• Any fresh or frozen, minimally-processed vegetable instead of “veggie chips” or “veggie crackers”


  • Purchase organic versions of “delicate” fruits and veggies as often those are the heaviest in pesticides and herbicides. Check out the Environmental Working Group’s lists of the “Dirty Dozen” and “Clean Fifteen.”
  • Fruits and veggies that are “in season” may be more affordable during their time of the year.
  • Pick your own berries (or other fruit accessible in your area) at a local farm and freeze in bulk to use at a later date!



  • Local and/or organic potato varieties, sweet potatoes, yams
  • Organic 100% whole grains, flours, or grain products (rice, oats, corn, quinoa, wheat)


  • Regular potatoes, sweet potatoes, and yams
  • Regular 100% whole grains, flours, or grain products (rice, oats, corn, quinoa, wheat)

Good Enough

  • Regular potatoes, sweet potatoes, and yams
  • Regular 100% whole grains, flours, or grain products (rice, oats, corn, quinoa, wheat)


  • If you’re purchasing processed or packaged items such as breads, cereals, etc. look for items made with 100% whole grains, that have a short list of ingredients that you can pronounce, and no added sweeteners. Ideally they list more fiber than sugar in the nutrition label.
  • If items last a long time like flours, purchase in bulk if possible.

woman-groceryshopping-oils-450x338Fats and Oils


  • Raw, organic nuts and seeds or nut/seed butters (almond, cashew, sunflower)
  • Grass-fed, organic butter and cheeses
  • Organic oils (olive oil, coconut oil, avocado oil)

Good/Good Enough

  • Regular nuts and seeds or nut/seed butters with no added sweeteners or hydrogenated oils
  • Organic butter and cheeses
  • Regular oils


  • Buy nuts and seeds in bulk and store extra in the fridge.
  • Remember that you’ll eat what the animal ate, so try to go for organic butter and cheeses for the same reasons you would for beef—to reduce exposure to hormones and antibiotics.
  • If you’re buying conventional butter and cheeses, consume them occasionally rather than regularly—again, to reduce exposure to hormones and antibiotics.



  • Organic, fair trade, shade-grown, single locale/roast coffee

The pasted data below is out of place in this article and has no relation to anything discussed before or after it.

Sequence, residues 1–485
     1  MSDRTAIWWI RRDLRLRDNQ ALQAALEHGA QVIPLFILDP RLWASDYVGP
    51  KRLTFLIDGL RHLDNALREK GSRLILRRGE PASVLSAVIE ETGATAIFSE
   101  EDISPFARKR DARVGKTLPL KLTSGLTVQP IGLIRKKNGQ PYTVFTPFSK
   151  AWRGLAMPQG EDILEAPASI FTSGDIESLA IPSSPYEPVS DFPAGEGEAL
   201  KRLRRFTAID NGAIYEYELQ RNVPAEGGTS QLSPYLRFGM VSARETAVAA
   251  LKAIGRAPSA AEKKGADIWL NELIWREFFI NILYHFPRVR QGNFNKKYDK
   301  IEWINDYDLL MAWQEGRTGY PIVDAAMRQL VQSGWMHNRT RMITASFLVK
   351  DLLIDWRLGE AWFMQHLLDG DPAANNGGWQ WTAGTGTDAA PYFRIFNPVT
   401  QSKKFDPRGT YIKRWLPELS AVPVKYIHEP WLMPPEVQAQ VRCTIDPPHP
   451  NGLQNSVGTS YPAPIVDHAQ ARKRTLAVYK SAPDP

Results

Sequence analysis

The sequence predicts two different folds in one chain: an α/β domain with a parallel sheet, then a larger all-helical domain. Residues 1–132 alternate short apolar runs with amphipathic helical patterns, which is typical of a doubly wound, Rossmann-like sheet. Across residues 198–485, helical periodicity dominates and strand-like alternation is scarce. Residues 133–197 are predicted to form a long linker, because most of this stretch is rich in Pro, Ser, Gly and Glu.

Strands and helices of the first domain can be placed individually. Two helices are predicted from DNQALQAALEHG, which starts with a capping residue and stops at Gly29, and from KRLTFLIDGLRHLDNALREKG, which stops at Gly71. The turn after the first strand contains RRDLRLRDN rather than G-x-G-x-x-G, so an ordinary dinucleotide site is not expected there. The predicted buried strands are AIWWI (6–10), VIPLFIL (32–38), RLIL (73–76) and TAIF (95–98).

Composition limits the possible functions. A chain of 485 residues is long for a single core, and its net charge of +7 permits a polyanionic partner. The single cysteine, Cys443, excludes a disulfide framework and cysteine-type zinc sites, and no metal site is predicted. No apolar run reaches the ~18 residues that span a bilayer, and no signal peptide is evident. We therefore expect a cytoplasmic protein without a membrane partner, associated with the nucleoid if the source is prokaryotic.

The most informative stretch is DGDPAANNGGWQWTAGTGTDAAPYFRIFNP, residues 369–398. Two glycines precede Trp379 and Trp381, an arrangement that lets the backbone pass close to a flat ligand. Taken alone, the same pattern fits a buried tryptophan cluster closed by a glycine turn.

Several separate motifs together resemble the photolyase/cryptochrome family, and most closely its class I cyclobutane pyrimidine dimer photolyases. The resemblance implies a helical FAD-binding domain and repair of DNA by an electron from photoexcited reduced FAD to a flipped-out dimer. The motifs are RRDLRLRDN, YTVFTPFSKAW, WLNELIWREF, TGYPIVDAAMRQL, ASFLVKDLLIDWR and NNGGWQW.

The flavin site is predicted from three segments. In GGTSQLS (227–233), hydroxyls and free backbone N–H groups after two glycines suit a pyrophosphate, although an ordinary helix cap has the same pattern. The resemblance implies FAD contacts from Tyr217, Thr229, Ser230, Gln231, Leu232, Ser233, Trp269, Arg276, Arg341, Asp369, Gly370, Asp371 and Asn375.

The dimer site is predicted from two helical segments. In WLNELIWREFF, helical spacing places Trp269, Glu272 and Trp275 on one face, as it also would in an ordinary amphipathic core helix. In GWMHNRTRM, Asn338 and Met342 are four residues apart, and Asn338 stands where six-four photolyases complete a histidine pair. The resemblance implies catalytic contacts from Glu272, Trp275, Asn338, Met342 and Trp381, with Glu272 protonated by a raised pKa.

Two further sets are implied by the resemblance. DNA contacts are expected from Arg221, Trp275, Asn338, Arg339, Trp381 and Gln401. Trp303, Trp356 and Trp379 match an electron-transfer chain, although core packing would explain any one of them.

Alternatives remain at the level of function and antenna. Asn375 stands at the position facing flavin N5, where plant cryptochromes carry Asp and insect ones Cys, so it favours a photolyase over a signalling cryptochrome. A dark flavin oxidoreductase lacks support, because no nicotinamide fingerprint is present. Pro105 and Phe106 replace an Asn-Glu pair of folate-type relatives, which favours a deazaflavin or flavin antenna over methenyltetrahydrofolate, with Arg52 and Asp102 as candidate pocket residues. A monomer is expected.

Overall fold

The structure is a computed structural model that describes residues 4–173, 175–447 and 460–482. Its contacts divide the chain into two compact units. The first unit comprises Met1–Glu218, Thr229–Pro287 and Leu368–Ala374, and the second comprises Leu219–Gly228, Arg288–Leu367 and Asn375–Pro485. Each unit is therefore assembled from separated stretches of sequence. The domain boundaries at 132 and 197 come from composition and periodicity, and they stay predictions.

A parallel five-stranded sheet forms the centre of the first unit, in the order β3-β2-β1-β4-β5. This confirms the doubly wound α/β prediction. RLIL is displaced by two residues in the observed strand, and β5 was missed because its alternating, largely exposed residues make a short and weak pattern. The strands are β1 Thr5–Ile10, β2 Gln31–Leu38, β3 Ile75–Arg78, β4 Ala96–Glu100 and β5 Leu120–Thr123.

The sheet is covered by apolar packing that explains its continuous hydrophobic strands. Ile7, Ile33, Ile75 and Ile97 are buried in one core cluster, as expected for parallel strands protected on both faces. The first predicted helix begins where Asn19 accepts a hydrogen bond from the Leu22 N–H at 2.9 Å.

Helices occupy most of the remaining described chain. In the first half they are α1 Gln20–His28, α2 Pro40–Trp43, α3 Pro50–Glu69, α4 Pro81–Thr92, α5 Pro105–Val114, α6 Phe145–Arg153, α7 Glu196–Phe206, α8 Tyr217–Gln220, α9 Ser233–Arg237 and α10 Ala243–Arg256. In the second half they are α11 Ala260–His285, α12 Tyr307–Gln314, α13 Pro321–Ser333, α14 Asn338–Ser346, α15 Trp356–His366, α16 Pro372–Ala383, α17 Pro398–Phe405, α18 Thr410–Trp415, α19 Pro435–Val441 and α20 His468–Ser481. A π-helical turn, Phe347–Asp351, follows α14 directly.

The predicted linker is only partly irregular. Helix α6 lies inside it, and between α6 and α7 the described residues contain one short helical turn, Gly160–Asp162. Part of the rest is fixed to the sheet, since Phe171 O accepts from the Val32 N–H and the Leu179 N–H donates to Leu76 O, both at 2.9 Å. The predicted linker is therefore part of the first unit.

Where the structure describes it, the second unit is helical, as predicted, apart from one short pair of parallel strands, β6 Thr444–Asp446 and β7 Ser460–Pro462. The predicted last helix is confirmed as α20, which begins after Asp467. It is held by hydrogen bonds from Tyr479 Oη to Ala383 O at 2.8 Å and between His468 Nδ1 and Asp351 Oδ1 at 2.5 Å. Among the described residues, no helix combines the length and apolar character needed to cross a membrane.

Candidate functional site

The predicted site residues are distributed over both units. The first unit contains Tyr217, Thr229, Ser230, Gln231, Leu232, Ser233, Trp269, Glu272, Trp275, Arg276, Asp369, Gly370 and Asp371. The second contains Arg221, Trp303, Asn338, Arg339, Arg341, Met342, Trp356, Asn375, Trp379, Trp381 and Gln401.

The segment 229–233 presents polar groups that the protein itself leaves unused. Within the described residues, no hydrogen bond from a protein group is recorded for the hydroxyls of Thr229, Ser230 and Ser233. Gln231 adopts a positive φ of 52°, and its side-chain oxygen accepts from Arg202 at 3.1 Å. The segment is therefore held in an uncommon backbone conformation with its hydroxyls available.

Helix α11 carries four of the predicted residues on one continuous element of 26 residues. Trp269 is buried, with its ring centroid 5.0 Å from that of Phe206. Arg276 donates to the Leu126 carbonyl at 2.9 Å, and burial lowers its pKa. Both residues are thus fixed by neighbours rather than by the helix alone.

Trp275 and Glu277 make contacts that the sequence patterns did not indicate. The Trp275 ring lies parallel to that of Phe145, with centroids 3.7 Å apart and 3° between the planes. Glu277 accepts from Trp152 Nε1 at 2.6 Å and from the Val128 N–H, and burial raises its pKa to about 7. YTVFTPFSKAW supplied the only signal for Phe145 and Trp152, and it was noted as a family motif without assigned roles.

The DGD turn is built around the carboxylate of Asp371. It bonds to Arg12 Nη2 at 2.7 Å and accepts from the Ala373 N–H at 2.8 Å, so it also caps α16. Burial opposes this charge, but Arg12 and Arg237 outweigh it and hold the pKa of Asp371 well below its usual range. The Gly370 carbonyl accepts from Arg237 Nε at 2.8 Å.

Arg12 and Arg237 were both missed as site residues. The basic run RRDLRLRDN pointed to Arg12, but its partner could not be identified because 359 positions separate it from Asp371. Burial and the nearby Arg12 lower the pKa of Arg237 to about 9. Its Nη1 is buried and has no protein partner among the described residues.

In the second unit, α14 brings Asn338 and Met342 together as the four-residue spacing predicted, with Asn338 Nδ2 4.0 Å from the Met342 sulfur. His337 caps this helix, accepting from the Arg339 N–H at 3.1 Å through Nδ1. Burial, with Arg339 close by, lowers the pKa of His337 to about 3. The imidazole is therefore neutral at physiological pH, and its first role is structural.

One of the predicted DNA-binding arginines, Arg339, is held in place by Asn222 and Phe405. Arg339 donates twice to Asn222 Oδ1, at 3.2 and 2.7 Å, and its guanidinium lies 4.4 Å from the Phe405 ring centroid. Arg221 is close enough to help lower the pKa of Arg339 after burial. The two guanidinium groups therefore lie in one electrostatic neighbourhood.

• Organic fair trade cocoa or chocolate
  • Local and/or organic herbs and spices (fresh and dried)
  • Organic canned goods with a short list of ingredients you can pronounce and identify, without added sugars
  • Organic, grass-fed yogurt, kefir, and cottage cheese


  • Conventional versions of all of the above
  • Canned goods with a short list of ingredients you can pronounce and identify, without added sugars
  • Organic, plain/unsweetened yogurt, kefir, and cottage cheese ( you can add your own sweeteners, fruit or fats)

Good Enough

  • Regular plain/unsweetened yogurt, kefir and cottage cheese (and you can add your own sweeteners, fruit or fats)


  • Often coffee, chocolate, herbs, and spices are heavily sprayed with pesticides. To reduce exposure, go for organic if it’s something you consume regularly.
  • Grow an indoor or outdoor herb garden and use your own fresh or dried herbs and spices.
  • Canned goods are often packed in water with a lot of additional preservatives and sugars. Take a look at the labels and ingredient lists and look for versions without those ingredients.
  • If you’re purchasing dairy products on the cheap, go for organic versions for the same reasons as listed for meat and butter.

If you find that you currently consume a lot of processed and/or packaged foods and want to start upgrading your eating habits, think of one small change you can make to move along the spectrum toward something a little more nutritious. The Girls Gone Strong community is always here to help, and you can reach out by leaving a comment below.

We hope this article will make your next trip to the store a little easier to navigate. Find out more ways to stretch your dollars in Dr. Cassandra Forsythe's article: 8 Tips to Save Money on Healthy Food!

If you feel like you could use a little more guidance with both, your nutrition and your training program, we're happy to help!

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About the author:  Amber Thome

Amber Leonard-Thome is a coach, curriculum developer, and contributor for GGS. Since 2008, she has held multiple positions in the fitness industry as a personal trainer, wellness and nutrition coach, a university lecturer, and managed a fitness and sports performance facility. Amber holds a M.S. in Kinesiology, a B.S. in Exercise Science, and is an ACSM Certified Exercise Physiologist and is Precision Nutrition Level 1 certified.


  1. Dangour AD, Dodhia SK, Hayter A, Allen E, Lock K, Uauy R. Nutritional quality of organic foods: a systematic review. Am J Clin Nutr September 2009 vol. 90 no. 3 680-685
  2. Smith-Spangler C, Brandeau ML, Hunter GE, Bavinger JC, Pearson M, Eschbach PJ, Sundaram V, Liu H, Schirmer P, Stave C, Olkin I, Bravata DM. Are Organic Foods Safer or Healthier Than Conventional Alternatives?: A Systematic Review. Ann Intern Med.2012;157(5):348-366. doi:10.7326/0003-4819-157-5-201209040-00007
  3. Marcin Baranski M, Srednicka-Tober D, Volakakis N, Seal C, Sanderson R, Stewart GB, Benbrook C, Biavati B, Markellou E, Giotis C, Gromadzka-Ostrowska J, Rembiałkowska E, Skwarło-Sonta K, Tahvonen R, Janovska D, Niggli U, Nicot P, Leifert C. Higher antioxidant and lower cadmium concentrations and lower incidence of pesticide residues in organically grown crops: a systematic literature review and meta-analyses. British Journal of Nutrition.
  5. McGee JA. Does certified organic farming reduce greenhouse gas emissions from agricultural production?. Agriculture and Human Values. June 2015, Volume 32, Issue 2, pp 255-263.
  6. Bahlai CA, Xue Y, McCreary CM, Schaafsma AW, Hallett RH. Choosing Organic Pesticides over Synthetic Pesticides May Not Effectively Mitigate Environmental Risk in Soybeans.PLoS ONE, 2010; DOI: 10.1371/journal.pone.0011250
  7. Organic 101: Allowed and Prohibited Substances. USDA.